Nationalistic Right-Wing Turkey Party In Bid to Oust Longtime Leader

jjjjMembers of Turkey’s right-wing Nationalist Movement Party (MHP) plan an extraordinary congress on Sunday at which they will begin moves to try unseat longtime party leader Devlet Bahceli and recover ground lost to President Recep Tayyip Erdogan’s party.

Dissident members of the MHP launched a campaign to oust Bahceli, 68, following a general election in November in which the party shed half its support — taking just 40 seats in the 550-member parliament compared to 80 five months previously.

Bahceli, who has led the party for 19 years, said in January that the next party congress would take place in 2018, meaning he would be in charge until then.

But polls show MPH members hungry for change, with over 500 signing a petition in support of holding an extraordinary congress to expedite his ouster.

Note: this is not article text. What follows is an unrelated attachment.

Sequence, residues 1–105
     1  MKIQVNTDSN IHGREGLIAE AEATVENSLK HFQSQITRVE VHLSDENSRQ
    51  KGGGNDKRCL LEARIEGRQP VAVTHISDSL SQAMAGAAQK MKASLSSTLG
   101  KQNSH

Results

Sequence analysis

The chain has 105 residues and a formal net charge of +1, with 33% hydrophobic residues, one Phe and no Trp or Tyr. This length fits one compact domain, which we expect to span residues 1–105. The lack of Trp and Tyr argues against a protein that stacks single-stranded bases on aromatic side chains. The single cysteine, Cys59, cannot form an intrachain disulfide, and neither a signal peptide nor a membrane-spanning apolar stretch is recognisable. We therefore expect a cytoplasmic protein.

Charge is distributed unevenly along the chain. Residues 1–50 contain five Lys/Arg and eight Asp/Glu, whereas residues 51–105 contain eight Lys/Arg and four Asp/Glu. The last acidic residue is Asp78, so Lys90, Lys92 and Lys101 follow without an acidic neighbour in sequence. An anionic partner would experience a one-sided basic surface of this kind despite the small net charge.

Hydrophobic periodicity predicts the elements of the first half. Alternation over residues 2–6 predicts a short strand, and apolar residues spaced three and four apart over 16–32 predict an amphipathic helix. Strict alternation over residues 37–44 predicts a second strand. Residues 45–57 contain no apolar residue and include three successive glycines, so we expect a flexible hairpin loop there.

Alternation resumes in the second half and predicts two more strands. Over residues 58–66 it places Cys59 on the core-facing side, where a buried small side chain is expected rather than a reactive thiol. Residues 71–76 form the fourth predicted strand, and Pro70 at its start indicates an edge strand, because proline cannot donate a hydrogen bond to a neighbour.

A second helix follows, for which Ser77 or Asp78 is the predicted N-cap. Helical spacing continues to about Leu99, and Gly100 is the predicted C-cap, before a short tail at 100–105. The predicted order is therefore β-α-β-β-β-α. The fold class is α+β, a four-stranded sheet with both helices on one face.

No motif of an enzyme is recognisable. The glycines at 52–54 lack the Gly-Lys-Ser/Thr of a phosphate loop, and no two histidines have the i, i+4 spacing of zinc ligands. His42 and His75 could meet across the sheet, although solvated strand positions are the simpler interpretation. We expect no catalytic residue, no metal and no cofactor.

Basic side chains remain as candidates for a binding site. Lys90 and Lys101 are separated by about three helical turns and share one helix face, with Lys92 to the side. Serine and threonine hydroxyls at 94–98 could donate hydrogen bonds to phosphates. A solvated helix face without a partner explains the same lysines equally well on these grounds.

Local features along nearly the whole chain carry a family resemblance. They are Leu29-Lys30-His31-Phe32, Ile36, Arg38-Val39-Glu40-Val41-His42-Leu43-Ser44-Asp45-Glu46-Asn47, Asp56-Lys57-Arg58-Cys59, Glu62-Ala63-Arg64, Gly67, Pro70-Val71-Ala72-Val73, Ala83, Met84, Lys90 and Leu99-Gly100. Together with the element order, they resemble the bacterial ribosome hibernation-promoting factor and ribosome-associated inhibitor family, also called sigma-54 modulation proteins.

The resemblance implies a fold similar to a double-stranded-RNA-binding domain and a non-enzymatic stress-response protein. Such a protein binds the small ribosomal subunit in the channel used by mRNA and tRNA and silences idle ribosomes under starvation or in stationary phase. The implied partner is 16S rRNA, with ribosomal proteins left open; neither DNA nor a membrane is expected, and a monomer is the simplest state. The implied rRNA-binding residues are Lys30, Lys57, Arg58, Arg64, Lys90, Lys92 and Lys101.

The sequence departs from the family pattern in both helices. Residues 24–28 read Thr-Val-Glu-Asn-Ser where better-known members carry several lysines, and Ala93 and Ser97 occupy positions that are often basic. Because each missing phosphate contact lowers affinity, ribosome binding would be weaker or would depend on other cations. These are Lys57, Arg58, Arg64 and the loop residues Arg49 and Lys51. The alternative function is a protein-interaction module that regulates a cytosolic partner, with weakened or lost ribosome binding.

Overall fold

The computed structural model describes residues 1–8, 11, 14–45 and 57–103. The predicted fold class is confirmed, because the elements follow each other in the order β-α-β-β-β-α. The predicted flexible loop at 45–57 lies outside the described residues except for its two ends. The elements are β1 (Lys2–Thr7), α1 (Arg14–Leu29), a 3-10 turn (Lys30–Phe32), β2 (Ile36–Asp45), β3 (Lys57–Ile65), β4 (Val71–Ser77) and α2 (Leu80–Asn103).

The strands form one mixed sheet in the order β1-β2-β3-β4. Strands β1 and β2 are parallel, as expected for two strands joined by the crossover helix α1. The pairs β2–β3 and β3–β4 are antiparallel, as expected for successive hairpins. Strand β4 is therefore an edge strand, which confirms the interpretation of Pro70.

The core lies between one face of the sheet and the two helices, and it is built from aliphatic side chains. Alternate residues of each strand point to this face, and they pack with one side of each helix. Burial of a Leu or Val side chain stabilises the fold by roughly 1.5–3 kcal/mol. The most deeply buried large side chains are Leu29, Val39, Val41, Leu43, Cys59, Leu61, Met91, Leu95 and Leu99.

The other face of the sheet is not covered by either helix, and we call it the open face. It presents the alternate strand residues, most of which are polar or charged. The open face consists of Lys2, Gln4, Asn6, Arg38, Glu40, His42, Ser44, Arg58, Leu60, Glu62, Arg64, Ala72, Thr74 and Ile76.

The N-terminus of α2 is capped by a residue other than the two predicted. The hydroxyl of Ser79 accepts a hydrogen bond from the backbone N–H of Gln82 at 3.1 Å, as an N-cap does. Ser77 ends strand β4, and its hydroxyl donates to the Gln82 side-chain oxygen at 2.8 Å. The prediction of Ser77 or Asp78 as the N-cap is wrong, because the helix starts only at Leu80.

It was not clear late Saturday, however, whether the meeting, at which Bahceli’s opponents want to begin the process of selecting a new leader, would go ahead.

Bahceli’s opponents have vowed to press ahead with the congress, despite the legality of the meeting being called into question and police sealing off the venue.

Replacing Bahceli, who lacks appeal with younger voters, could boost support for the MHP at the expense of Erdogan’s conservative ruling Justice and Development Party (AKP).

The outcome could jeopardise Erdogan’s ambitions of winning a big enough majority in the next elections to allow him to change the constitution to boost his powers.

– Four leadership candidates –

Four contenders to succeed Bahceli have emerged, including charismatic female former interior minister Meral Aksener.

“The four candidates will be here tomorrow (Sunday) for the congress to take place,” 59-year-old Aksener, a former deputy speaker of parliament seen as the strongest candidate, said.

Bahceli went to court to try prevent the gathering going ahead.

The country’s highest appeal court said this week it will rule on the issue within a month.

Two lower courts have issued conflicting decisions.